On Thursday evening, the Atlanta Symphony Orchestra performed a concert of music by Blacher, Sibelius and Brahms at Symphony Hall, led by guest conductor Marc Piollet and featuring violinist Augustin Hadelich as guest soloist. The concert will be repeated on Saturday evening.
Thursday’s orchestral program was preceded by another installment of the ASO’s occasional pre-concert chamber music concerts which began at 6:45 p.m. It opened with a world premiere: “Five Bagatelles” for alto flute and cello by Robert Cronin, the ASO’s associate principal flute, performed by the composer and cellist Daniel Laufer.
Cronin’s composition is a thoughtful, intimate work, for which Symphony Hall in total is perhaps too large a space, although the stage itself, where the audience is invited to sit in the musicians’ chairs for these chamber events, is a good size. An even smaller space would be effective for this duo. The work’s strength comes from the chromatically winding but carefully crafted lines and melodic exchanges the instruments share, convincing musical consequence and emotive evocation. The performance was dedicated to the ASO’s late piccoloist, Carl Hall, who died at the beginning of February following a long battle with cancer.
Cronin’s composition was followed by the third and fourth movements of Johannes Brahms’ String Sextet No. 2 in G major, Op. 36, performed by violinists Jay Christy and David Dillard, violists Jessica Oudin and Reid Harris, violas and cellists Brad Ritchie and Larry LeMaster.
Guest conductor Marc Piollet made his ASO debut with Thursday’s concert. He had previously been scheduled to lead the ASO in a 2014 concert with Hilary Hahn as soloist, but because he became unable to travel at the last minute, was replaced by conductor Thierry Fischer.
Piollet and the ASO kicked off the 8 p.m. orchestral concert with “Variations on a Theme by Niccolò Paganini,” Opus 26 (1947) by German composer Boris Blacher. Although significantly less well known than Rachmaninoff’s “Rhapsody on a Theme of Paganini,” Op. 43, like “Rhapsody,” Blacher’s “Variations” is based on Paganini’s Caprice No. 24. In fact, it opens with the Caprice being played by solo violin (concertmaster David Coucheron), which is then interrupted by the full orchestra in a great crescendo.
The total of 16 variations in Blacher sounds far less German than it does 1940s American, rife with jazz idioms and harmonies. It even includes a long “smear” in the clarinet part at one point, reminiscent of the one in Gershwin’s “Rhapsody in Blue.” It was an engaging, fresh change of pace for an ASO opener, even though they’ve played the piece twice before on subscription concerts, in 1983 and 2001.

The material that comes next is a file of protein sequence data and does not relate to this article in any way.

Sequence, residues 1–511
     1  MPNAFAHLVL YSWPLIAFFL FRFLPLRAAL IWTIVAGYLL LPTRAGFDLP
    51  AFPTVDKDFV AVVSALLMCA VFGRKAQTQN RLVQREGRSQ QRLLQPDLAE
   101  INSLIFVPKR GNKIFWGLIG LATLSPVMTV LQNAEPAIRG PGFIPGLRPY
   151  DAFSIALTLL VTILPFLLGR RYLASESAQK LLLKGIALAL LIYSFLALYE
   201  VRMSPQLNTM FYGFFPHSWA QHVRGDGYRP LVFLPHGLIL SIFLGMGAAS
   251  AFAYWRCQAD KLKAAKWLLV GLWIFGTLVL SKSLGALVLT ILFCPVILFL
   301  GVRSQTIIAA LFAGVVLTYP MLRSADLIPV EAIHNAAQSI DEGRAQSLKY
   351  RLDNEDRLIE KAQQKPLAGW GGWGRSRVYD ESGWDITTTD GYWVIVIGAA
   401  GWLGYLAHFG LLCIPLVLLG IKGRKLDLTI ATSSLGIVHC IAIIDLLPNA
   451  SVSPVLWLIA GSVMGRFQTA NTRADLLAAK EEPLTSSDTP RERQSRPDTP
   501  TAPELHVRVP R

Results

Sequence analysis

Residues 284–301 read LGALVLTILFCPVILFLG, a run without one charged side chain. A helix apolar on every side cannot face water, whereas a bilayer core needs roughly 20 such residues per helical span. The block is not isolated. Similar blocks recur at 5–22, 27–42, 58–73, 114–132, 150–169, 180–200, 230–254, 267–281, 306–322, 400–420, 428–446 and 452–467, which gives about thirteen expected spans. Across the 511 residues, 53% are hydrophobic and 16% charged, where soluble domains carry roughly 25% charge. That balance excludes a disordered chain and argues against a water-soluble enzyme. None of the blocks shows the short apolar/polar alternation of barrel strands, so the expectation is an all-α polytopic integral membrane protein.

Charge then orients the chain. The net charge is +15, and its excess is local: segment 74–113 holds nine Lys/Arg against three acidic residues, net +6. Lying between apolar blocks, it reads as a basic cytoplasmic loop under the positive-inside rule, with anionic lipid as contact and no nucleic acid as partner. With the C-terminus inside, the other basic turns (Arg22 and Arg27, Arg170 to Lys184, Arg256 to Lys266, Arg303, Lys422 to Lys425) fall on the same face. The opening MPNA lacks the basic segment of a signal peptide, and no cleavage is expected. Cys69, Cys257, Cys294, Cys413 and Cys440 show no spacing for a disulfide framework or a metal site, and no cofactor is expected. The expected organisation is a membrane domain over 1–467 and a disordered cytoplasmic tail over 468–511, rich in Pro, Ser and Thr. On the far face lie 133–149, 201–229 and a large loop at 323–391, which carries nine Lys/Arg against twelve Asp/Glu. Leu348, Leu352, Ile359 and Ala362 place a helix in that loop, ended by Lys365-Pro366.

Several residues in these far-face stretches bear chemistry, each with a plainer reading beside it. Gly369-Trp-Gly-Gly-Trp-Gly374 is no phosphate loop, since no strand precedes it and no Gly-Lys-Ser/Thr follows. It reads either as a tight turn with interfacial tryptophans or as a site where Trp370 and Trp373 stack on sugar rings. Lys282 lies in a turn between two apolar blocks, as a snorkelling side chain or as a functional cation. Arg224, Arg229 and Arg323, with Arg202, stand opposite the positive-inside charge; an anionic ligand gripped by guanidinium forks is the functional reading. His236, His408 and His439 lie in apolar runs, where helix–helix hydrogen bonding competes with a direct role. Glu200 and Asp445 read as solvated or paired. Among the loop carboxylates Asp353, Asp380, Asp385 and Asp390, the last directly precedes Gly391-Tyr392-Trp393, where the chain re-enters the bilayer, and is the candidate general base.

Hadelich then took the stage as soloist for the Concerto for Violin and Orchestra in D minor, Opus 47 by Jean Sibelius. The Italian-born son of German parents, Hadelich, who turns 32 on April 4, recorded it in 2013 with conductor Hannu Lintu and the Royal Liverpool Philharmonic Orchestra. The disc was release on the Avie label in 2014.
Hadelich made his ASO debut in 2011, performing Beethoven’s Violin Concerto with guest conductor Kazushi Ono, who was also making his ASO debut. He returned in 2014 to Symphony Hall to perform Paganini’s Violin Concerto with the ASO, with guest conductor James Feddeck at the helm.
Since 2010, Hadelich has been playing a 1723 “Ex-Kiesewetter” Stradivarius violin on an extended loan from its current owners, Clement and Karen Arrison, through the Stradivari Society. This is the same violin that hit the news in 2008 when its previous possessor, Russian violinist Philippe Quint, accidentally left it in the back of a New York City taxicab. Fortunately, it was recovered the next day.
Sibelius’ sole Violin Concerto is at once highly virtuosic but copiously melodic. Hadelich played with great assurance and ease. His tone was energized, focused and canorous, with an underlying tensile strength in even the most melodious of passages. His technical virtuosity was deliberate and musically substantive rather than merely flashy.
After receiving enthusiastic ovations, Hadelich returned to the stage for an encore, a brilliant performance of Paganini’s Caprice No. 5 for solo violin.
After intermission, Piollet led the ASO in Brahms’ Symphony No. 4 in E minor, Op. 98. Although the opening tempo to the first movement felt slower than one might have expected, it ultimately seemed that Piollet was going for a conceptually broader take on the work overall.
It was an approach which minimized what is often a sense of underlying urgency in the first movement, in exchange for listening more patiently to its inner workings — as in an unhurried walk. Even the normally ebullient third movement (Allegro giocoso) took on a fuller, more noble character, without becoming dull or ponderous.